A colorful account of reform efforts to eradicate sin, corruption and violence in early-20th-century New Orleans.
In this richly detailed narrative, Krist (City of Scoundrels: The 12 Days of Disaster that Gave Birth to Modern Chicago, 2012, etc.) describes a three-decade battle that pitted an Anglo-American elite against the forces of vice in a swiftly changing Crescent City. After the Civil War, New Orleans hoped to downplay its worldly reputation and attract Northern investors, but crime and immorality flourished. “The social evil is rampant in our midst,” wrote one newspaper. By the late 1890s, the “better element” wanted to drive vice out of respectable neighborhoods entirely. Enter alderman Sidney Story, who proposed the 18-block tolerated vice district soon known as Storyville, which harbored 230 brothels as well as dance halls featuring so-called “coon music,” or jazz, by Buddy Bolden, Jelly Roll Morton, Louis Armstrong and other musicians. Much of Krist’s story focuses on denizens of the notorious district, including businessman and Storyville “mayor” Tom Anderson, demimonde “queen” Josie Arlington, and a cast of legendary madams, dancers, gamblers, prostitutes and underworld figures. Drawing on newspaper accounts and court testimony, the author offers vivid accounts of mob violence against Italians and blacks, notably the brutal vigilante lynchings of 11 Italians after the assassination of police chief David C. Hennessy. The members of the mob were hailed as heroes of efforts to clean up the city. By 1918, Jim Crow reigned, Storyville was closed, and jazz was under attack. In the 1930s, having forced vice underground, the city found itself trying to re-create its wicked old reputation to lure tourists. Krist’s lively book is only marred by an overlong section devoted to a series of axe murders that plagued the city.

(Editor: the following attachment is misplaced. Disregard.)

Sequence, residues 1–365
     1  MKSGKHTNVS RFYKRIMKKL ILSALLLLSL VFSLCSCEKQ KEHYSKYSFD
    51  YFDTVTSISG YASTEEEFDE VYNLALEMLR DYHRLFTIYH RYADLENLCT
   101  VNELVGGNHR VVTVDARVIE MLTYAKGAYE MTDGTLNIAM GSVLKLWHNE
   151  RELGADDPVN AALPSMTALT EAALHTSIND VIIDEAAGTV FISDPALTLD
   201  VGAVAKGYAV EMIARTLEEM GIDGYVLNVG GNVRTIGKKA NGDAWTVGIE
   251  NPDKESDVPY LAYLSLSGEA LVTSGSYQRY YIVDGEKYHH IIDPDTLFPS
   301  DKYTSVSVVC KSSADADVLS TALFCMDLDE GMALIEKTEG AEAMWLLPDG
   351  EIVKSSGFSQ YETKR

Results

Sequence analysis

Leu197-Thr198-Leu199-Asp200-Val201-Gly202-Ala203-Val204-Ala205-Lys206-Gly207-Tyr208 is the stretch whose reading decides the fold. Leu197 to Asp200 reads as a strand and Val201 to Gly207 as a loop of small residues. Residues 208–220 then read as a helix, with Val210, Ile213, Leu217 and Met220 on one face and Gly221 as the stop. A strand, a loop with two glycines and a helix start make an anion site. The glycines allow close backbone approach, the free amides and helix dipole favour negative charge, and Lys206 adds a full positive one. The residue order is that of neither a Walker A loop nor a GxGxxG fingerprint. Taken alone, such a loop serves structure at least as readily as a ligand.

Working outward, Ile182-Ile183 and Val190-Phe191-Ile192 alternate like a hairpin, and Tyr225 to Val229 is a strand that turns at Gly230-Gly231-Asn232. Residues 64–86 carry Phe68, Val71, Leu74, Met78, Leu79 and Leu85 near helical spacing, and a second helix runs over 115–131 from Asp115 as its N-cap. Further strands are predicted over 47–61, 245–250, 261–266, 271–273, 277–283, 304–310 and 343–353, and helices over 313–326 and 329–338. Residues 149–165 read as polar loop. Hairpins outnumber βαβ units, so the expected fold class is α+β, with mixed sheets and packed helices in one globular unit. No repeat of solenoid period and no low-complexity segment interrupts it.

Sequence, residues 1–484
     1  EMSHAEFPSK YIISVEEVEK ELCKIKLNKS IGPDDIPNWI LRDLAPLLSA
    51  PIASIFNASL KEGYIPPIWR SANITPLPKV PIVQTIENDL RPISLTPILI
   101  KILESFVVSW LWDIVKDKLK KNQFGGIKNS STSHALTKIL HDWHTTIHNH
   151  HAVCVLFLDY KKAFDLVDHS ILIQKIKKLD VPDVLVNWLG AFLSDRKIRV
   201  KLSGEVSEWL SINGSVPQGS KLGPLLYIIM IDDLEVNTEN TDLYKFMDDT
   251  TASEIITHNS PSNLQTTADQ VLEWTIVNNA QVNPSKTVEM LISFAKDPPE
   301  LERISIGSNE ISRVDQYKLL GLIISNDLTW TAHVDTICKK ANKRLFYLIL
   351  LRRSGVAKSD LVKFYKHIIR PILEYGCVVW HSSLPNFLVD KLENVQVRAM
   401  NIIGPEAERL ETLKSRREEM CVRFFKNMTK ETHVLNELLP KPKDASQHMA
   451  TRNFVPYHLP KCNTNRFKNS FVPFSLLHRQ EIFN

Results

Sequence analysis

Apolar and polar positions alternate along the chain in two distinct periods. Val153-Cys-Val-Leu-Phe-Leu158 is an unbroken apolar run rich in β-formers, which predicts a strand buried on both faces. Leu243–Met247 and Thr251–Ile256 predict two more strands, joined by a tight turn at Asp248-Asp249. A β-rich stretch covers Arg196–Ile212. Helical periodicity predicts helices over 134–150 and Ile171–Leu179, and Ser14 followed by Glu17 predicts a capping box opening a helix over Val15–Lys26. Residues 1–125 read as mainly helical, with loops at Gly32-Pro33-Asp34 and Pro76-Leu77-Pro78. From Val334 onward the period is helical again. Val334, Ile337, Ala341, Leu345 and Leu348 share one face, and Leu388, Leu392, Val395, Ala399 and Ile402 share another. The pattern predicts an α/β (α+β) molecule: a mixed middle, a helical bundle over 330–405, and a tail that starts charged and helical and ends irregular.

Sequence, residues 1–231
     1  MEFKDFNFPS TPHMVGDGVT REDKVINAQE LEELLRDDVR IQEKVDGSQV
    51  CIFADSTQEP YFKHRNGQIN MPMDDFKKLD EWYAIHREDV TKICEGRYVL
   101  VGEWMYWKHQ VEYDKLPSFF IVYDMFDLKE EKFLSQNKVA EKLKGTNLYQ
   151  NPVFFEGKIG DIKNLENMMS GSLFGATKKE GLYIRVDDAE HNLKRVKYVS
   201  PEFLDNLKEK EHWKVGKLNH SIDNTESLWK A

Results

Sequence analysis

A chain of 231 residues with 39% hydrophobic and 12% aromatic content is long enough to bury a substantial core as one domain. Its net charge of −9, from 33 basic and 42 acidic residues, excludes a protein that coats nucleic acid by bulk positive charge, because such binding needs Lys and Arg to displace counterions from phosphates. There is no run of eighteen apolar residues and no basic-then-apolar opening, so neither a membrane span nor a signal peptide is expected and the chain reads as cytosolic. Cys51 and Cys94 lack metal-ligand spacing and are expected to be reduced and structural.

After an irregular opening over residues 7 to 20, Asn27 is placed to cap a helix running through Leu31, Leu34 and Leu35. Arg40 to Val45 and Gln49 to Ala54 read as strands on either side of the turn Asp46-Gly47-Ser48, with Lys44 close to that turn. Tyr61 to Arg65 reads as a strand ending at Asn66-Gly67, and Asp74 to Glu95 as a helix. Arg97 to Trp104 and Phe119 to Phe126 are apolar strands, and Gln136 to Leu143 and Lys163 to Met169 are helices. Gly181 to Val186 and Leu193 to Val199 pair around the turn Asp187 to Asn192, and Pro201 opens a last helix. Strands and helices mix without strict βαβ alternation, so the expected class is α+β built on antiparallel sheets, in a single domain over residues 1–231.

A wild, well-told tale.